Read The Globe’s ongoing coverage of Canada’s use of solitary confinement here, arguments against the common practice herehere, and here ,  and follow reporter Patrick White on Twitter

Why so little coverage on Nigeria and Boko Haram?

 “Why so little coverage on Nigeria and Boko Haram?,” asks Jon Ekelund in Chilliwack, B.C. “Is it due to lack of information readily available, or perceived lack of interest?” The Globe’s foreign editor, Susan Sachs, answers your question:

Getting credible information about events in northeastern Nigeria, where the rampages of Boko Haram have killed and displaced thousands of people, is difficult.

The challenges were underscored after the massacres reported in the towns of Baga and Doro Gowon earlier this month: Cellphone service was spotty or nonexistent in the area, the government is dysfunctional or absent, survivors were fleeing for their lives, and Nigerian officials and politicians gave no information or provided widely varying accounts.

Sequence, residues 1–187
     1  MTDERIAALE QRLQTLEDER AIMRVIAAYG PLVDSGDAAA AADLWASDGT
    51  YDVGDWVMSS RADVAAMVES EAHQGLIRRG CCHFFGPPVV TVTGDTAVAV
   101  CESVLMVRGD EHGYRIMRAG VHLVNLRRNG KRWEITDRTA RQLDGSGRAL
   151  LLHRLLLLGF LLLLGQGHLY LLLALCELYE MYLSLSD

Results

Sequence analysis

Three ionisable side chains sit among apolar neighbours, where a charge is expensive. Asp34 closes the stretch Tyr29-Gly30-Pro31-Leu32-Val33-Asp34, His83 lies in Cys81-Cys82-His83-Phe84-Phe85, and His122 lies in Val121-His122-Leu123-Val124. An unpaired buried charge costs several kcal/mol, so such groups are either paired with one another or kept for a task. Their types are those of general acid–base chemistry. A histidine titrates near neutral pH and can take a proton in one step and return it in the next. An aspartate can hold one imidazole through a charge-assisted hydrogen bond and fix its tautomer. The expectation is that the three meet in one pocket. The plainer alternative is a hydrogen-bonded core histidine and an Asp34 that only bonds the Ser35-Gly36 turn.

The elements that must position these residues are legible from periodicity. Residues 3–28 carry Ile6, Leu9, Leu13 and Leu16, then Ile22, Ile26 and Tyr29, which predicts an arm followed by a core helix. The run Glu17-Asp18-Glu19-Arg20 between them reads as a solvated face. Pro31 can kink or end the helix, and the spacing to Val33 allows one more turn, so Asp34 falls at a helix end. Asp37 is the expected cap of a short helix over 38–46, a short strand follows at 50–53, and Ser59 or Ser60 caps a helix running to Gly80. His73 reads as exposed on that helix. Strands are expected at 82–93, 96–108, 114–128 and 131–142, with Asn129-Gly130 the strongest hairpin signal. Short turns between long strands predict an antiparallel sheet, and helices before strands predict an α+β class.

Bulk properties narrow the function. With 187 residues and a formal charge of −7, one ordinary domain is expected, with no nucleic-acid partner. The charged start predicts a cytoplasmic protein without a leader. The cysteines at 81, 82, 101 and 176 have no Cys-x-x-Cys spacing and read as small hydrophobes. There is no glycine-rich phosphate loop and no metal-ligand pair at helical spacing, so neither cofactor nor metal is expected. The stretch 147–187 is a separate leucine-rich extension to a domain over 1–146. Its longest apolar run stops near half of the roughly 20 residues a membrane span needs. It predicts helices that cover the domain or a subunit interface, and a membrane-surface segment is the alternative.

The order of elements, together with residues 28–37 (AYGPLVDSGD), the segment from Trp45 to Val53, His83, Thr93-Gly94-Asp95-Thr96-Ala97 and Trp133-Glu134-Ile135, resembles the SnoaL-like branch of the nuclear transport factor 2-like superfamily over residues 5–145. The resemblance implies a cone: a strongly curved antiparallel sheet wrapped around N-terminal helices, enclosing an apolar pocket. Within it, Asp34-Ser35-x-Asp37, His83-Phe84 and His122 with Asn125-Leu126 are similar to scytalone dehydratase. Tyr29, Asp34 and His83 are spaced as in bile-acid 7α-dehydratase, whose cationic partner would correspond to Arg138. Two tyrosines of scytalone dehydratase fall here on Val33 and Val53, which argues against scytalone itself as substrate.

Over a period of many days, journalists and human rights groups in the region were evaluating the widely disparate reports and locating eyewitnesses.

The Globe regularly published stories as information and details emerged after the massacres – just as we did after the atrocious kidnapping of the Chibok schoolgirls last year.

Africa correspondent Geoff York (follow him on Twitter here) traveled to Nigeria last June after the kidnapping, and he is now on a reporting trip in Nigeria.

Read Geoffrey York‘s recent stories from on the ground in Nigeria:

Boko Haram launches bold attack on strategic Nigerian city

Satellite images show evidence of Boko Haram massacre